My playlist got a little weird last week. It all began with a version of Paint it Black, the Stones’ song from 1966. The version, a cover, was stunning: slower and with none of the original lyrics. There was an Afro-beat and a funky feel to it, replete with congas and stuff. It was rather good. Instead of the original lyrics, the band covering it occasionally chanted “Paint it black”, pronouncing black as ‘Blaak’. I got curious and found out that the cover version was by a band, or rather, a collective, called Africa who put out just one album in 1968 called Music From Lil Brown. I later found that that Music from Lil Brown was an African-American response to Music From Big Pink, the debut album from The Band, which, of course, is the Canadian-American band that got fame because it was Bob Dylan’s back-up band but which on its own was easily one of the best rock bands that I’ve heard. Read more
Every time this column makes even the tiniest mention of the Grateful Dead or offers on its web version, a download link for one of their concerts, there is one guy, a friend, actually, but also a virulent critic of that band, who makes it a point of making a snide remark. There are many people who consider the Dead’s fans as drug-addled hippies who get lulled into a happy, semi-comatose state by the band’s improv-heavy meanderings. That certainly amounts to gratuitous stereotyping. Read more
Around 10 days back, my colleague in London mailed me a link with a short note that simply said “Yes they are back! And I can die in peace”. The link was to a lyric video (the kind where you can read the lyrics while listening to the song) of The Rolling Stones’ latest new single, Doom And Gloom. And the note from my colleague who’s obviously a huge Stones fan besides being an erstwhile (or, is he still one?) bass slapper himself, is an example of how much diehard Stones fans love the 50-year-old band. Read more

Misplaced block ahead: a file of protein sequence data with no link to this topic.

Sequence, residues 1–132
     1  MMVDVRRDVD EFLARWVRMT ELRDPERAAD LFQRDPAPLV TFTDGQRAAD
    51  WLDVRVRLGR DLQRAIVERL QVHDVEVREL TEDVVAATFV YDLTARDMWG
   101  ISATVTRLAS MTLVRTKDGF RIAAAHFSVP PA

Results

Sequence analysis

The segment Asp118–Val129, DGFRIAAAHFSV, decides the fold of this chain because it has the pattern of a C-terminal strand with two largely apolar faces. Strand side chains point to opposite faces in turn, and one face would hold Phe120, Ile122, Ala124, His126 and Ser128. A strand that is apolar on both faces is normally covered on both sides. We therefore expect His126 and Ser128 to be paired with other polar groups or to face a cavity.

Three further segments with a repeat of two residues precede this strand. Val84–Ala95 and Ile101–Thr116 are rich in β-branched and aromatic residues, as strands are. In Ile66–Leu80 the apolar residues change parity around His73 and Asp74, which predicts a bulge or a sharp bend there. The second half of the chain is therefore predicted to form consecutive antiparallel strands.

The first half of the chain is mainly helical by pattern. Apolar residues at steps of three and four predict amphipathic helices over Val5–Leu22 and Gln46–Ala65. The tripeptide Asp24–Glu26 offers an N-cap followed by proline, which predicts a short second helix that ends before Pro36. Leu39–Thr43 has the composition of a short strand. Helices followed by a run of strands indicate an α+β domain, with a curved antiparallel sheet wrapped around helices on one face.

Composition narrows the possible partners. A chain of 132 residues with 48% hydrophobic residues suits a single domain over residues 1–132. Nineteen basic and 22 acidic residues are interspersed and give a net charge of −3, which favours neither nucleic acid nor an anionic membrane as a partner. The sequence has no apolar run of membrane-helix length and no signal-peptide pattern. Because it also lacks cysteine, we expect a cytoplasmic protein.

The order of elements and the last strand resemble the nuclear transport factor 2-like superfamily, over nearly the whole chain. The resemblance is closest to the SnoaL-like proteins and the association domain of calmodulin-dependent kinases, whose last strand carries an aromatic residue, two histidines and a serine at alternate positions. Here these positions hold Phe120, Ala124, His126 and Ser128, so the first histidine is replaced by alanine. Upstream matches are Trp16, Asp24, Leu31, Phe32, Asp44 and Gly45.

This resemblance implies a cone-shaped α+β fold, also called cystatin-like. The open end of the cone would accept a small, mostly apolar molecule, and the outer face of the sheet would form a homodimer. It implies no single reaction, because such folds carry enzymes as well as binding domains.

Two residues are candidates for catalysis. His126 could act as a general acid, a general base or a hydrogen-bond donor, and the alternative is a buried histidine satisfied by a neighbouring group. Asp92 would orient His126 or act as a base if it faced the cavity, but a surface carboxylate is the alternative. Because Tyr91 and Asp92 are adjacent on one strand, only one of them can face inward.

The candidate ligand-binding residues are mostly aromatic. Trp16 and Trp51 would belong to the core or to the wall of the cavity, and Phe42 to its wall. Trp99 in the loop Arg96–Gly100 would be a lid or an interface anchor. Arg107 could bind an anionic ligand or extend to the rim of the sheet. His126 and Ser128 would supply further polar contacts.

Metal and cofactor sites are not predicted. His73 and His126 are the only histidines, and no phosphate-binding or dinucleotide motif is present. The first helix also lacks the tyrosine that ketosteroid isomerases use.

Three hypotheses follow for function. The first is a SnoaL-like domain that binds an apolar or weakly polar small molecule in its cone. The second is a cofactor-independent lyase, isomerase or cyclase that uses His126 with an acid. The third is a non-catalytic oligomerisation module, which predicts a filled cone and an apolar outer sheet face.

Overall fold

In a recent episode of Saturday Night Live, hosted by Joseph Gordon-Levitt, the American actor whose role as the young policeman, John Blake, in The Dark Knight Rises I liked, the musical guests were Mumford & Sons, an English indie folk band. They played two songs live—I Will Wait and Below My Feet—both from their recently released new album, Babel. Both the performances were nice. And I thought to myself that Mumford & Sons were probably better heard live than on albums. I’ve had a copy of Sigh No More, their debut album, for a couple of years but I must admit that although I liked listening to it the first couple of times, it soon got a bit clichéd, repetitive and whiney. Read more
My daughter, about to be eight, has an earworm. You know, a piece of music that seems stuck in your ear so seemingly permanently that you just couldn’t get it out. It’s a song that she hums, sings and dances with vigorously even though it’s not being played anywhere. And I’m happy. Delighted, actually, because the song happens to be Lonely Boy by The Black Keys. Actually, the duo that makes up The Black Keys may also seem like an earworm for Download Central, in case you are one of those readers who for some strange reason follows this column fairly regularly—I don’t know how many times I have written about them, obsessively, compulsively and, perhaps also, maniacally.
One of my favourite podcasts—a free one to boot—is called The Roadhouse. It’s a weekly blues podcast that is into its 360th episode and, for the past five or six years that I’ve been a subscriber, a great way to discover blues music. Run by Tony Steidler-Dennison who calls his podcast a “true labour of love”, The Roadhouse is described is a podcast that gets you “the finest blues that you never heard”. That’s true. Listen to any of the hour-long episodes of The Roadhouse and, even if you’re a hard-core blues fan, you are likely to be surprised by the number of new artistes that you can discover. Read more
Over-produced music has never really caught my fancy. I’m referring to the kind of music that producers or DJs sitting in their bedrooms conjure up using nothing much more than a laptop or two. They either mix and match sound samples or “create” compositions using synthesised sound. I’m probably a bit orthodox when it comes to musicians—I prefer mine to actually pick up instruments and play them rather than use the keyboards of their computers to tweak and program software to produce their music. There are exceptions, though. Read more